News & Features
When research grabs international headlinesMonday, December 14, 2015
Mass shootings are contagious.
That was the headline-grabbing conclusion of a research project that Maryam Khan began working on when she was a senior at Northeastern Illinois University. Almost as soon as the paper was published by PLoS ONE journal in July 2015, lead researcher Sherry Towers’ phone began to ring with calls from news outlets such as NBC, NPR and The Washington Post.
“It was really exciting to hear how widely spread this paper was receiving attention,” said Khan, who graduated with a Bachelor of Arts in Mathematics in 2013 and now is enrolled in Arizona State University’s Ph.D. program for Applied Mathematics for the Life and Social Sciences. “At the same time, I realized this paper is talking about media attention for mass shootings, and I found that ironic.”
The research team discovered that mass killings—events with four or more deaths—and school shootings create a period of contagion that lasts an average of 13 days.
“This issue of looking at guns and who can buy these firearms is very important,” Khan said. “That should be looked at more seriously because a lot of these incidences are happening because of firearms.”
Towers, a statistician, modeler and Arizona State research professor, was joined on the project by fellow Arizona State faculty members Carlos Castillo-Chavez and Anuj Mubayi (a former Northeastern assistant professor), and Arizona State graduate student Andres Gomez-Lievano.
Khan was the only undergraduate student involved in the research project, and Towers sees that as an indication of her potential. “Maryam continues to work on applying novel mathematical models to social issues like crime,” Towers said. “There is much interesting work to do on the topic, and she has a bright future ahead of her.”
Khan says her evolution from Niles North High School student in Skokie, Illinois, into internationally recognized researcher is “still sinking in.” When she transferred into Northeastern from Oakton Community College, Khan planned to become a math teacher. After one semester, she switched to a Mathematics major and in fact was not sure she wanted to pursue graduate school until Northeastern’s Student Center for Science Engagement paved the way for her to conduct summer research and be a presenter at the Society for Advancement of Hispanics/Chicanos and Native Americans in Science National Conference in the summer of 2013. “That experience really encouraged me to go on and apply for grad school,” Khan said.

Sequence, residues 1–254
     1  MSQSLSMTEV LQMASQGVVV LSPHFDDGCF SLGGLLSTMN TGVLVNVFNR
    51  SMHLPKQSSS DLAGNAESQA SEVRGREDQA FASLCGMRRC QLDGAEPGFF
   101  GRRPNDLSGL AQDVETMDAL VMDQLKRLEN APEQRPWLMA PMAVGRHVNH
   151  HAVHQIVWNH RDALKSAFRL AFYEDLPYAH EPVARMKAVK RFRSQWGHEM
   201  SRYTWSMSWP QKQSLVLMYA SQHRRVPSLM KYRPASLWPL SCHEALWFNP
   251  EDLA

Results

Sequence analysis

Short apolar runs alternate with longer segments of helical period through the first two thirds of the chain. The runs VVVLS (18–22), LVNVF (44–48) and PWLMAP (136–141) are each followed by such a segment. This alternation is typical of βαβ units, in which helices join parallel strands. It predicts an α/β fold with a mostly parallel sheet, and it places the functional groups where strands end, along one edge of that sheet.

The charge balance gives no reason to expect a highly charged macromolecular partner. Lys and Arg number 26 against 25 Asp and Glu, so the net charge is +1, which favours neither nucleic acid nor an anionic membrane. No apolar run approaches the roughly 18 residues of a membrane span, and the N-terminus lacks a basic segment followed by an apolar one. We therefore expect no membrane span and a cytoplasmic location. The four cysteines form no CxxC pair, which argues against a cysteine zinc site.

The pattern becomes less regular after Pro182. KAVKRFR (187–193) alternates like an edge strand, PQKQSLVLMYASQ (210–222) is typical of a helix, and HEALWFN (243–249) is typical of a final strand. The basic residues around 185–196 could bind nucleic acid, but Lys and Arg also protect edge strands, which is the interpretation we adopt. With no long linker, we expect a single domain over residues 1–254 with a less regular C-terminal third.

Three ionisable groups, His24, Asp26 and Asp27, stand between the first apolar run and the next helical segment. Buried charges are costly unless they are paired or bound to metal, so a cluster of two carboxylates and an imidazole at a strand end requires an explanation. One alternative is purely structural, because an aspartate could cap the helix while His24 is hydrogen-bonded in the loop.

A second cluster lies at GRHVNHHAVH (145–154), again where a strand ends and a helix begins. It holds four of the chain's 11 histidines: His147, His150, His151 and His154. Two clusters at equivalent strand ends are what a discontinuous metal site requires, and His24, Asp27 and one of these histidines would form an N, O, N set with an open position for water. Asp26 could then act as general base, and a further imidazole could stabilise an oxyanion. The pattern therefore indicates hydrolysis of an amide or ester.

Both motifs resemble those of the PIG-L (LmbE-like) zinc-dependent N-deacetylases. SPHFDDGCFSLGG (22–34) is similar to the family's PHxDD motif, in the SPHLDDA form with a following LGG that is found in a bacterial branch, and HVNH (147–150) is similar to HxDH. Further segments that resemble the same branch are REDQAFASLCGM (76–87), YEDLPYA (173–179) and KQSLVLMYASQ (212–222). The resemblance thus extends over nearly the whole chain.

That’s not to say Khan wasn’t a motivated student before the conference. She was a math tutor and vice president of the Actuary Club. She also was a volunteer in Northeastern’s Mathematics Enrichment Workshop Program and was involved in the Mathematical and Statistical Modeling of Complex Systems Workshops series, which is where she met Towers. Khan co-authored her first paper with Towers and Mubayi—about climate change and influenza—in January 2013. For good measure, Khan performed a summer research internship in 2014—just before starting her studies at Arizona State—at Argonne National Laboratory that concentrated on California droughts and their effects on future hydroelectric power generation.
“We are so proud of Maryam,” Northeastern Department of Mathematics Chair Lidia Filus said. “She serves as a great example of the opportunities for growth, research, networking and professional development Northeastern creates for its students.”
Khan’s next project brings her back to her Chicago roots: She plans to look at how socioeconomic factors play a role in narcotic incidences in the city. Additionally, she wants to determine if there exists a self-excitation process on gang-related violent crimes, which is significant in predicting when and where another event, such as retaliation, is likely to occur.
“It’s stressful, but I really enjoy what I do, so it’s worth it,” Khan said. “It makes my work more meaningful to know that in some way my research is making an impact on society.”
Photo by Deanna Dent/Arizona State University